The Philadelphia Sports Clubs High Point Stingrays are one of the smallest teams in the Lower Bucks Swim League.
But size isn’t everything.
The Stingrays finished second in team scoring at the recent league championships.
“We did not have the largest roster in the league, but we swam with heart and passion this season to help lead us near the top,” head coach Sean Kelly said. “We saw tremendous growth in many of our age groups and swimmers with their skills and that speaks highly for our future.
“The togetherness and spirit of our team is consistent from one year to the next. We need to continue to grow together in the hopes of climbing one more spot.”
Over the past 23 years, the Stingrays are 132-20 with eight league titles. The team currently has 100 members with room for more in all age groups.
“We take pride in being a spirited summer program that is dedicated to providing a fun atmosphere for instructing swimmers on the latest techniques in swimming and teaching them how to be valuable team members,” Kelly said.
“We view ourselves as a family, and it’s one that I have had the pleasure to be a part of for the last 23 years. Over that time, we have had a generation of swimmers and families make many summer memories at our pool and during our summer seasons.
“The coaching staff views each practice as a piece of a puzzle with the finished result showing a swimmer who is knowledgeable in the sport of swimming and an effective contributor to a team. We view each member individually and work toward helping them reach their greatest potential and personal goals.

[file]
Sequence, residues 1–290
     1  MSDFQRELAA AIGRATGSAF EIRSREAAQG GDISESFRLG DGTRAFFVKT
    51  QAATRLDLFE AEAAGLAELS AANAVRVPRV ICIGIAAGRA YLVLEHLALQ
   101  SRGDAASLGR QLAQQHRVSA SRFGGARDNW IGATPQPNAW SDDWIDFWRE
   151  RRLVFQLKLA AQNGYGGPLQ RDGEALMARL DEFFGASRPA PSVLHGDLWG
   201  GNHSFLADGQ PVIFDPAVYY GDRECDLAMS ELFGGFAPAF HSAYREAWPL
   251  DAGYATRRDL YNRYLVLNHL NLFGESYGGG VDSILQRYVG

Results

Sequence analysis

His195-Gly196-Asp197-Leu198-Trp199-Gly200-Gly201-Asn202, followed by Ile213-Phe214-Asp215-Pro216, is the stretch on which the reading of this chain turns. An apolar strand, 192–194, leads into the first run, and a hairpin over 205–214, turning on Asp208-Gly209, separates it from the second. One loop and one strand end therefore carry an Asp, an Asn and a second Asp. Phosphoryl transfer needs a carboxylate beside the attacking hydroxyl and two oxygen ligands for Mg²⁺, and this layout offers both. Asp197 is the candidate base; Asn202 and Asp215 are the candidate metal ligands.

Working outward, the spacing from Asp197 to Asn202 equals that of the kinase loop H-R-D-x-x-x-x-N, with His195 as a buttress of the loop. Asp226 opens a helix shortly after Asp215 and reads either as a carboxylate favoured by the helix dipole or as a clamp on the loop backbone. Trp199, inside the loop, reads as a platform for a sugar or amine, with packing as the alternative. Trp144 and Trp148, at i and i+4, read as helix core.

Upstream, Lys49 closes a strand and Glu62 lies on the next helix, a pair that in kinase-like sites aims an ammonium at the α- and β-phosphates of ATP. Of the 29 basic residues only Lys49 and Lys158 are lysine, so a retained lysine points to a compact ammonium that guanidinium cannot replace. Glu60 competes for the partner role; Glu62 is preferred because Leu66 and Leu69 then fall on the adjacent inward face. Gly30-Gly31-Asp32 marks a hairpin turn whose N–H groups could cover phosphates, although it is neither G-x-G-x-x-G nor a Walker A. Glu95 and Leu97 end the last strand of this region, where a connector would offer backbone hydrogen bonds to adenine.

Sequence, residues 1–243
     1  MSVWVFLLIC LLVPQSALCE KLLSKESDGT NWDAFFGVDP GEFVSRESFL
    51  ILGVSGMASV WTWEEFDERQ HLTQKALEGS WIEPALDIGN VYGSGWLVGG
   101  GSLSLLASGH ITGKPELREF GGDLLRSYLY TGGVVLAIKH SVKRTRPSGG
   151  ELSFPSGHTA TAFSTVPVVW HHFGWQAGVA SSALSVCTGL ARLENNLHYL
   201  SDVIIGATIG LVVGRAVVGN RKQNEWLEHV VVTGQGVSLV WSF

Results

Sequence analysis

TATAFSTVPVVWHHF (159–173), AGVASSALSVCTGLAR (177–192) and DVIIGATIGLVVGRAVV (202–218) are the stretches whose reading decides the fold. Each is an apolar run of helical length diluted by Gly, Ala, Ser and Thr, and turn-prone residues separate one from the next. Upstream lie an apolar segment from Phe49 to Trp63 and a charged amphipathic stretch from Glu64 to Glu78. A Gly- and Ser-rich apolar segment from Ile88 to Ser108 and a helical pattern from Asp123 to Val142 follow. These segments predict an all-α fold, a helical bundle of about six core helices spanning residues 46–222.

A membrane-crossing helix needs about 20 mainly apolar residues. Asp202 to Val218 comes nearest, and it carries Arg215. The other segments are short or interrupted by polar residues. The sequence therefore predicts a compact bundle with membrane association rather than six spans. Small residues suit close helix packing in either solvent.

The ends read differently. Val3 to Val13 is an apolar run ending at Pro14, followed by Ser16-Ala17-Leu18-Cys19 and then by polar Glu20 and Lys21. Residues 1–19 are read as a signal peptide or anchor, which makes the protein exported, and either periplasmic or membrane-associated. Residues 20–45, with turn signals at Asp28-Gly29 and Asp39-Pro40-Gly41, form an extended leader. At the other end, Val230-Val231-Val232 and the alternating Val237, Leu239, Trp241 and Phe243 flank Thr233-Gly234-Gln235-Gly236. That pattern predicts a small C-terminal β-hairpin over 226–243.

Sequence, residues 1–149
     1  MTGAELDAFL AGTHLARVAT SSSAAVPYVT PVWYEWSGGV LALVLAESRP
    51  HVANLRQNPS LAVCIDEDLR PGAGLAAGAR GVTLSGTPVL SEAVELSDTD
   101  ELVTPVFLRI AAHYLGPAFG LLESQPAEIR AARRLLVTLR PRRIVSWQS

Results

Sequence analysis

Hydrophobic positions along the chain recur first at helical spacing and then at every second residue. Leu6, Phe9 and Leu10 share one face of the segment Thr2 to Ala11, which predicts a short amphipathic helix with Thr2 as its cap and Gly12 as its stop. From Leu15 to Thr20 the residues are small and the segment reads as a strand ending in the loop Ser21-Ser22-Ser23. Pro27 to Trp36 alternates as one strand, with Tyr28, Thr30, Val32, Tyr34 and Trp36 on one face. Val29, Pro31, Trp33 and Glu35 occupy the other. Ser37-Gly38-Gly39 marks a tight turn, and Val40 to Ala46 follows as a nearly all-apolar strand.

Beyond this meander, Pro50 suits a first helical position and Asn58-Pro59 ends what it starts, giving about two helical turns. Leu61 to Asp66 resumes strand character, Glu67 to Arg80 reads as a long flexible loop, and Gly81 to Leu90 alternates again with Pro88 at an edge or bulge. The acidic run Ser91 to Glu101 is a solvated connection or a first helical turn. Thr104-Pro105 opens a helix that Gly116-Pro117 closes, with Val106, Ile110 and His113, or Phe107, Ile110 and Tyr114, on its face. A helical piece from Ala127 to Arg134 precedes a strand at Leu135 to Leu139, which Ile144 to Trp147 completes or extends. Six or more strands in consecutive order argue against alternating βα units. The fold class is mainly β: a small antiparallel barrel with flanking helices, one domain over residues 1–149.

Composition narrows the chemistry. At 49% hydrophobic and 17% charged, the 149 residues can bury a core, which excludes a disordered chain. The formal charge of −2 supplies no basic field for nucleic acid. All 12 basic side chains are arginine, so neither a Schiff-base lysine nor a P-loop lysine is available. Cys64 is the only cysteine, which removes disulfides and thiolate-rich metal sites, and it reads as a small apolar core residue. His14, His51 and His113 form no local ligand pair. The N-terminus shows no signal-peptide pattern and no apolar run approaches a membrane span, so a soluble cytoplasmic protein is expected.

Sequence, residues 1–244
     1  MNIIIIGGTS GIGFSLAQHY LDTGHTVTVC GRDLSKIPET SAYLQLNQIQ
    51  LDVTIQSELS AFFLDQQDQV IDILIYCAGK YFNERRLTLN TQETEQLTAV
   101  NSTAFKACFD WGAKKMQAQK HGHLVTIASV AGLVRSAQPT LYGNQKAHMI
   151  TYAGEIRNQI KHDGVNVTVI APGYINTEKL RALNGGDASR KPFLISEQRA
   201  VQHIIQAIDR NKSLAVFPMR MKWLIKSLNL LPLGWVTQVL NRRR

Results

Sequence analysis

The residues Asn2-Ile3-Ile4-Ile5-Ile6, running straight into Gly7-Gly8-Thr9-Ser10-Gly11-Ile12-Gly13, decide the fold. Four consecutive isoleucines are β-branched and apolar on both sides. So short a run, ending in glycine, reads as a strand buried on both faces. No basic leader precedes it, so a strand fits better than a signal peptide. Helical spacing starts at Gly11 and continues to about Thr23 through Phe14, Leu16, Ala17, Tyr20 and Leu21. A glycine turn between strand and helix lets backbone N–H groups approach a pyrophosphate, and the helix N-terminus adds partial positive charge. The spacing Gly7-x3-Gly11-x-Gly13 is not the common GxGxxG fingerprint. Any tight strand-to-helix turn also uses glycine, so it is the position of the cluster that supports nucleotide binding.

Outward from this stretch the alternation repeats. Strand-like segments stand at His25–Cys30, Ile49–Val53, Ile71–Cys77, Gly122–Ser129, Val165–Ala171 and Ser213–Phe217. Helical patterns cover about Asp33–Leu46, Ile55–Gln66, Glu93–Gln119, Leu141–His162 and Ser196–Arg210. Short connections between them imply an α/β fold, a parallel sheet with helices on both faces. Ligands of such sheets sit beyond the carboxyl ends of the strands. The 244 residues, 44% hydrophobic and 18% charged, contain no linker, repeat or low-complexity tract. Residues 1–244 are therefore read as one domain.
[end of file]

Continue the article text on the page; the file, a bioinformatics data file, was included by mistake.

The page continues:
“Ultimately, we want swimmers to enjoy the sport, have fun obtaining their goals and become valuable members of the community both in and out of the pool.”
For 13-year-old Juliana Ryan, it’s been a long, fun experience.
“I’ve been swimming for the Stingrays for nine years,” said Ryan, who will enter eighth grade at Unami Middle School in the fall. “This was my first swim team.
“I started as a 5-year-old and just stuck with it. I love the coaches and the camaraderie. It’s like a big family. The best part of the season for me is making new friends. We have a great bond. Even on rainy days at 6 a.m. we’re laughing and having fun.
“I thought we did great at the championships. We have really low numbers but we put our heads to the grindstone and got second. I’m really proud of us.”
The Stingrays had a number of top three finishes at the league championships.
In girls 11-12, Madeline Majewski took first in the 50 backstroke (30.76), second in the 50 butterfly (29.67) and third in the 100 individual medley (1:09.14).
In girls 13-14, Sue Bin (Esther) Park won the 100 breaststroke (1:09.01) and took second in the 100 individual medley (1:04.22).
In boys 15-18, Matt Lewis won both the 100 freestyle (48.65) and 50 freestyle (22.15) while Stuart Sumner finished second in both the 100 freestyle (48.76) and 50 freestyle (22.27).
In boys 12-18, Stuart Sumner took third in the 200 freestyle (1:51.24).
In boys 11-12, Macek Vandermolen finished third in the 50 backstroke (31.92).
The 11-12 mixed 200 freestyle relay of Ellie Beck, Madeline Majewski, Madison Shackelford and Macek Vandermolen finished third (1:49.00).
At the 10-under championships, Clara Vandermolen and Avery Kemezis tied for first in the girls 6-under 25-meter freestyle (29.42).
In girls 7-8, Colleen Moore won the 25 breaststroke (25.82), was second in the 25 freestyle (19.27) and finished third in the 25 backstroke (24.66).
In girls 9-10, Anna Majewski won the 25 breaststroke (19.30) and 100 individual medley (1:24.32) and finished second in the 25 butterfly (16.86), while Chloe Shackelford took third in the 25 backstroke (20.56).
For the boys, in 9-10, Nathan Jang took second in the 25 breaststroke (20.96).